One of our cats died in our arms last night.
Oolong came to us as a kitten in a box almost 12 years ago, and Meghan took her in promising to find her a home. We were new parents ourselves, and not in a great position to feed yet another mouth, but after I got home and met her we decided to keep her.
She got her name because she was the color of pewter – like a colonial teapot. Besides her color she was remarkable for another reason: she didn’t much like human contact. As time passed only a few humans besides ourselves ever saw her. We had other cats, but Oolong was like a ghost.
Her kittenish hair grew out into long, fine, pewter-gray fur — bunny fur, as one person described it. She had lion’s mane around her neck, and a duster for a tail. Gray fur poked out from between the bottoms of her toes and a good brushing would leave enough fur to make a new cat.
She did acclimate to our house in Willimantic, and quietly became an indoor/outdoor cat. During the summer months we would sit on the front steps and, if the street was quiet and we were quiet and Oolong was feeling particularly social, we would be granted the pleasure of her nervous presence. During the winter she would live primarily in the basement during the day and come up to sleep on our bed at night — stealing away in the gloom of early morning.
After we moved north, our cats became strictly indoor cats: Mel because he has FIV now, and Oolong because we were worried that she would get lost. She was very afraid of the the dog, so her world shrank to just the upstairs of our house — three bedrooms and a bathroom.
This new living arrangement gave us a new cat. The formerly shy, quiet, anxious kitty that we had known for a decade quickly became a loving, chatty, snuggly cat that demanded attention and talked to me in the morning. Rather than chafing at her restricted living quarters she thrived. I really think she could relax for the first time in her life.
We noticed one day in 2013 that she was getting very thin — much too thin for the time of year. She didn’t show signs of stress, but she was getting downright boney to the touch. We took Oolie to the vet’s office, where they ran scans, scratched their heads, and suggested various medications. Her weight loss continued so we found a new vet, who ran more scans and pinpointed the problem immediately: her liver was failing. Her skin was orange, her eyes yellowing, classic jaundice. Her liver was swollen. He predicted six months to live, but prescribed daily vitamins that would support her liver in the meantime.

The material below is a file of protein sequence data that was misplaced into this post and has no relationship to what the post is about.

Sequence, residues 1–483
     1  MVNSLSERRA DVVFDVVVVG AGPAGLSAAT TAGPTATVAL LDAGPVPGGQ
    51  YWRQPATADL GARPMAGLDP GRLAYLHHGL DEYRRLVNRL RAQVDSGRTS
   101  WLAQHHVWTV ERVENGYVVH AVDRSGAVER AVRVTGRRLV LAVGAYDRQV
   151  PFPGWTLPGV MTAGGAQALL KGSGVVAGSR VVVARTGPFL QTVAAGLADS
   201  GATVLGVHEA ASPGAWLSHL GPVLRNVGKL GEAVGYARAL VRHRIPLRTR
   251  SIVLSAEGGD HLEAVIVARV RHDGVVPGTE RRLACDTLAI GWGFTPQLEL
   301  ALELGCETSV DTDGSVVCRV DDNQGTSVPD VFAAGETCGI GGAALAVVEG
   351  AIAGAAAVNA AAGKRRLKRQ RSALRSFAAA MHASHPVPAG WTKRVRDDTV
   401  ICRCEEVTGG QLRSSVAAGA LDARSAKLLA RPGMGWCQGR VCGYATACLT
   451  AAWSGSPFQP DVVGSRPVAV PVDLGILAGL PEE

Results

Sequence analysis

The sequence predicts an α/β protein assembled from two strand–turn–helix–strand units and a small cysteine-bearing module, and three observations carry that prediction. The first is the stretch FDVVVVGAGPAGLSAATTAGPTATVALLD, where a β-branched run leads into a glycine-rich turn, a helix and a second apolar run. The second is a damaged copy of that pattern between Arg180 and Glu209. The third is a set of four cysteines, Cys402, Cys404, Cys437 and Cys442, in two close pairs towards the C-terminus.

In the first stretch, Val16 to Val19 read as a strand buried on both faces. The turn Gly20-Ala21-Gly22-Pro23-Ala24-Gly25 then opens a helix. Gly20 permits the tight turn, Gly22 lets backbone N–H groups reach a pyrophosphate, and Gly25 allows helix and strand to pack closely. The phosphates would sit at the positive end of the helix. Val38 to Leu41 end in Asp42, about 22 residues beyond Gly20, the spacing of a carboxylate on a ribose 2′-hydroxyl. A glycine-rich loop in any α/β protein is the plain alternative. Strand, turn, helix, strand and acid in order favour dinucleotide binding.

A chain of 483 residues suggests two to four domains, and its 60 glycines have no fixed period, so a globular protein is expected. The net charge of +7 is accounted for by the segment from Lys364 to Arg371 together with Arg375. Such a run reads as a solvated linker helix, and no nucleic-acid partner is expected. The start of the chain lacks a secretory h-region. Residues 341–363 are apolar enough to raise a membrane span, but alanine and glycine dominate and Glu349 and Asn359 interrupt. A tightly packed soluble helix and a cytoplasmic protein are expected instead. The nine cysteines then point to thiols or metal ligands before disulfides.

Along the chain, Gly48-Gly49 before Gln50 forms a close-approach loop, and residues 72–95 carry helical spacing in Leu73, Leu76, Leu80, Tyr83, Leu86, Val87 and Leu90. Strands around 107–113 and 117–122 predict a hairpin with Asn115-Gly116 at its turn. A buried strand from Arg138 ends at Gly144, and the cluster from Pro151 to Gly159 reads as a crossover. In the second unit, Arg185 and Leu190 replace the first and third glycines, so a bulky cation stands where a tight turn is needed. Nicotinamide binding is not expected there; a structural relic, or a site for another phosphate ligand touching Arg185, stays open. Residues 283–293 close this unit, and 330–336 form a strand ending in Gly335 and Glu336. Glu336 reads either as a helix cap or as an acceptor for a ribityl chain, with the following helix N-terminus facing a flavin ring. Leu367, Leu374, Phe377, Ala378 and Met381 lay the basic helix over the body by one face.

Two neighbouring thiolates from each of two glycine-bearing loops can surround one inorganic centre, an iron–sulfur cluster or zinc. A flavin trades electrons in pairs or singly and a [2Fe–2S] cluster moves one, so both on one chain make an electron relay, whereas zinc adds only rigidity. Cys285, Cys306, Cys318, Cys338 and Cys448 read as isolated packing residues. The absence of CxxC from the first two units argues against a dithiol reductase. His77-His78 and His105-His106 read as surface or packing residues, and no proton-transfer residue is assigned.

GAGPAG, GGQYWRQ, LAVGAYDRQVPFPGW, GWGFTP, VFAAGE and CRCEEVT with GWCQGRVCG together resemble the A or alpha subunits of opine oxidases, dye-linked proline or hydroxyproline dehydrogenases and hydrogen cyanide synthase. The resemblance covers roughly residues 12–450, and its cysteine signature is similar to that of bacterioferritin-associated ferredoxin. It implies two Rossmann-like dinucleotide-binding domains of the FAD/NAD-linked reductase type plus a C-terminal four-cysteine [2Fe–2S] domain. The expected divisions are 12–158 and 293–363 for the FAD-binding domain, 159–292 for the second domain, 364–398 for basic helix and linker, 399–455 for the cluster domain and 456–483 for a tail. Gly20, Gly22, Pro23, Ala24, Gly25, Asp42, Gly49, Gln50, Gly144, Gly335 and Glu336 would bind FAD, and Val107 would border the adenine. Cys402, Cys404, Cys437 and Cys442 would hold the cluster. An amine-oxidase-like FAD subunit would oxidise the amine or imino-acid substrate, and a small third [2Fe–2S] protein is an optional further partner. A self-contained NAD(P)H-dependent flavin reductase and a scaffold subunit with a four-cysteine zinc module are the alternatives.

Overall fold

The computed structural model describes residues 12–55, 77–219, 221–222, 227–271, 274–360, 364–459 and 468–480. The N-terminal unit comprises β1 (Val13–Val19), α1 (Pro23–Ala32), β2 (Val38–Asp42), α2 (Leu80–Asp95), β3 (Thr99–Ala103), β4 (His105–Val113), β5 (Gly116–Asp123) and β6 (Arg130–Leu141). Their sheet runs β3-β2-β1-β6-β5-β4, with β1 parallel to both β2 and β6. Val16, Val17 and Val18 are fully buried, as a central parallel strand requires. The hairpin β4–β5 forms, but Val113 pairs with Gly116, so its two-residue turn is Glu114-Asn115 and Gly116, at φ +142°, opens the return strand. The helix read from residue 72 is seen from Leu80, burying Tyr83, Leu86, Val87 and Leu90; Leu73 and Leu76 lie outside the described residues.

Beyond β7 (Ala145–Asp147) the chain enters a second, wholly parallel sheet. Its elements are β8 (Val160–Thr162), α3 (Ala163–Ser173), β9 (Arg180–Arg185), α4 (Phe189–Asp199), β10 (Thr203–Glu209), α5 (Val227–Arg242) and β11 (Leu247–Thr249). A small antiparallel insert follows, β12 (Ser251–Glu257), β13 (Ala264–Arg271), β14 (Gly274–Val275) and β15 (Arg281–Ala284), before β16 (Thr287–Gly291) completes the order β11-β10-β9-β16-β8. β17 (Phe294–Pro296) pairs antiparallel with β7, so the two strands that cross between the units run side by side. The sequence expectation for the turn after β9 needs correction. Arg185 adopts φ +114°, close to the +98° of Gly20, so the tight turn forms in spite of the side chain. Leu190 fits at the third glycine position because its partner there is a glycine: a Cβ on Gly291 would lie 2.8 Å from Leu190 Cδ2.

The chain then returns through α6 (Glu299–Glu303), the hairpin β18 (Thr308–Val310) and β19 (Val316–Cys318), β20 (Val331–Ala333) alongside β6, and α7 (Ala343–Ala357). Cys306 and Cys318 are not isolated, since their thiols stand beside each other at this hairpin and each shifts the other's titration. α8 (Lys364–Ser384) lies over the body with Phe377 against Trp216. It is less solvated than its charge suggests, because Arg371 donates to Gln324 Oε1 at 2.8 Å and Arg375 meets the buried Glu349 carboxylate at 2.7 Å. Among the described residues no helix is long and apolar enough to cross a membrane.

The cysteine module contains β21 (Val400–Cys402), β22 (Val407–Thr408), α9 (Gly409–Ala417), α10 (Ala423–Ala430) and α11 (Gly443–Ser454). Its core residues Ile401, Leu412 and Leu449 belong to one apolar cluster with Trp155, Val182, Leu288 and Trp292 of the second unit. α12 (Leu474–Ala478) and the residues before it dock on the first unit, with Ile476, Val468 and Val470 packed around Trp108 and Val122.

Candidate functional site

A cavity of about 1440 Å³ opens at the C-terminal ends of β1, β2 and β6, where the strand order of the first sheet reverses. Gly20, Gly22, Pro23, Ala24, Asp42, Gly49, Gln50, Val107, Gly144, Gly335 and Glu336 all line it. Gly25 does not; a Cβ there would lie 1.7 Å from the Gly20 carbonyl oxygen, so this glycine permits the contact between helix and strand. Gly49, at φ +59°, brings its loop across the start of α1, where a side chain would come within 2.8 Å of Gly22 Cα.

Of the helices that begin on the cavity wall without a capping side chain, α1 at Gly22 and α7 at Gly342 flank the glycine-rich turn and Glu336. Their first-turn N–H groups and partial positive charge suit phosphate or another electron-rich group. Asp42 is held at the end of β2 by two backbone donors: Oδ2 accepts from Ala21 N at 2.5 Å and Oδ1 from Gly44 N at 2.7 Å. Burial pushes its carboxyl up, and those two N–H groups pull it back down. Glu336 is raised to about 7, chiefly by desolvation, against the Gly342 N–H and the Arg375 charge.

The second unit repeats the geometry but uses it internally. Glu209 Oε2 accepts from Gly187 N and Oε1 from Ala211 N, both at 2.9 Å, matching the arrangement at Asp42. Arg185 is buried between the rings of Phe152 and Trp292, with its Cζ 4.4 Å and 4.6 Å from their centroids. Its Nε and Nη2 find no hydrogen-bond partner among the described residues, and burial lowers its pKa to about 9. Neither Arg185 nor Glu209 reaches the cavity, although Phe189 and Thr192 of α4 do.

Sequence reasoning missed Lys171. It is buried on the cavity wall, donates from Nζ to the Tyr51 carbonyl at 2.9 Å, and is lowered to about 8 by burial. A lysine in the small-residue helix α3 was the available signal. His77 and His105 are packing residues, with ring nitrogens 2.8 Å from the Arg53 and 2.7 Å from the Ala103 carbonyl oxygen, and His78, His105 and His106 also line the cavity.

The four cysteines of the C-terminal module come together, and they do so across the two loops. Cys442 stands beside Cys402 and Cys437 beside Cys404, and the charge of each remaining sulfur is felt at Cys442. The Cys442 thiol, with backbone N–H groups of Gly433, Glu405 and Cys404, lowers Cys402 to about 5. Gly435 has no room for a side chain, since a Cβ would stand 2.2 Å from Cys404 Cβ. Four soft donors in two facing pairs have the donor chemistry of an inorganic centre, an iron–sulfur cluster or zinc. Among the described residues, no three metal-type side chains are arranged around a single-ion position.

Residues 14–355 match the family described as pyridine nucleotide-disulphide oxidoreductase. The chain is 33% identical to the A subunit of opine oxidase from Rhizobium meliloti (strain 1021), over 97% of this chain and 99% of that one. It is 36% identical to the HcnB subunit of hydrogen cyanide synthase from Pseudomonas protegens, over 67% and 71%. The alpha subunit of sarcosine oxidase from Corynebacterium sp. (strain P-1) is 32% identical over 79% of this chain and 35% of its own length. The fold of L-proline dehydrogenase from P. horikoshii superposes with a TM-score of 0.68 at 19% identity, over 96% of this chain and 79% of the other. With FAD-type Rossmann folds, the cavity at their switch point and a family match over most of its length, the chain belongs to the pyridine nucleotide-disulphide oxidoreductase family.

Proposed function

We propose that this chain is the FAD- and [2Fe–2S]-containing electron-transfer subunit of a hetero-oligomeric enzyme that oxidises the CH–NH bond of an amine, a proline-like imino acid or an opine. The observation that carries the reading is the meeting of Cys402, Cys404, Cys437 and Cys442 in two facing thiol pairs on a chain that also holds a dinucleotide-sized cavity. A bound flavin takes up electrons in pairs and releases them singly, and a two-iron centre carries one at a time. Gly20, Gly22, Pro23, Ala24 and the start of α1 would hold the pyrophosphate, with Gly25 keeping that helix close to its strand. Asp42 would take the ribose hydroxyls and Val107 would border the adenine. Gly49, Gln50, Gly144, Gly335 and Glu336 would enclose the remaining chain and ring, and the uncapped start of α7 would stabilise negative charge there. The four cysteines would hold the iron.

Pilling the cat became a daily ritual called “Mommy’s psycho time” where Meghan would (apparently) lose her mind and shove pills down Oolong’s throat. After waiting a prescribed hour to make sure the vitamins were absorbed, we would feed her and psycho time would be over for the day.
The first evening after the first morning, Oolong demanded love from me as usual — but wouldn’t come near Meghan. We quickly decided that only one of us would betray her tiny trust, so that she would always have someone to feel safe with. Eventually she would trust Meghan as soon as the pill was swallowed.
When one knows that time is limited, you quickly learn to make the most of it. We endeavoured to make her final months as pleasant and filled with love as possible. Our cat’s new-found personality found this quite agreeable.
Our nightly ritual began shortly before I climbed into bed: Oolong followed me through my bedtime routine, chatting at me to get into bed so she could demand love. No matter what else was in store for the night, life would stop so that she could be nuzzled, petted, scratched, and snuggled until she was done. In winter she would play cave cat under the covers.
We would maintain this nightly ritual for nearly two years — a year and a half longer than predicted.
Her end took a surprising turn. We expected a short period of listlessness, absent appetite, vomiting, and confusion from liver toxicity. Instead, she died from something different: a blood clot.
We are no stranger to blood clots in cats. Years ago we had Baker, so-named because he was a powerful kneader, and who’s heart mummer led to a blood clot that temporarily paralysed his hind quarters. We gave him aspirin for six months, hoping to avoid recurrence and educating ourselves on what to do. The best that medical science can offer is very little and the prognosis is universally poor. When Baker suffered another, more severe blood clot, we had to make a hard decision.
We have been saying goodbye to Oolong for nearly two years now, knowing that any night could be her last, but we didn’t expect her end to come this way. Oolong’s blood clot similarly affected her hind quarters, but with her weakened condition there was little the veterinarian could do to help except to make her more comfortable.
We sat in the exam room and said our final good-byes as she passed. The kids were away on a trip and didn’t know until afterwards; there was no time to tell them, it all happened so fast.
She will be missed.